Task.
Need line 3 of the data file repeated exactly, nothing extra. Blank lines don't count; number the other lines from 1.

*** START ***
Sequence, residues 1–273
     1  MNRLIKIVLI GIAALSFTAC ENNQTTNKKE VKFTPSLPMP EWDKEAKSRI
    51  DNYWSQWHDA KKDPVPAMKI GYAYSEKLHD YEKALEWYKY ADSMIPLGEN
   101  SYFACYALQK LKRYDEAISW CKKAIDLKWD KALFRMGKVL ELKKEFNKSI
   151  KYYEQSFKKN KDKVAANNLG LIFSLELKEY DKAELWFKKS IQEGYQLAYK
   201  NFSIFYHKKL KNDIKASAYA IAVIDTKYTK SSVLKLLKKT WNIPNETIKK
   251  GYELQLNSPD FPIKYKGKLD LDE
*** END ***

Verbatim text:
    51  DNYWSQWHDA KKDPVPAMKI GYAYSEKLHD YEKALEWYKY ADSMIPLGEN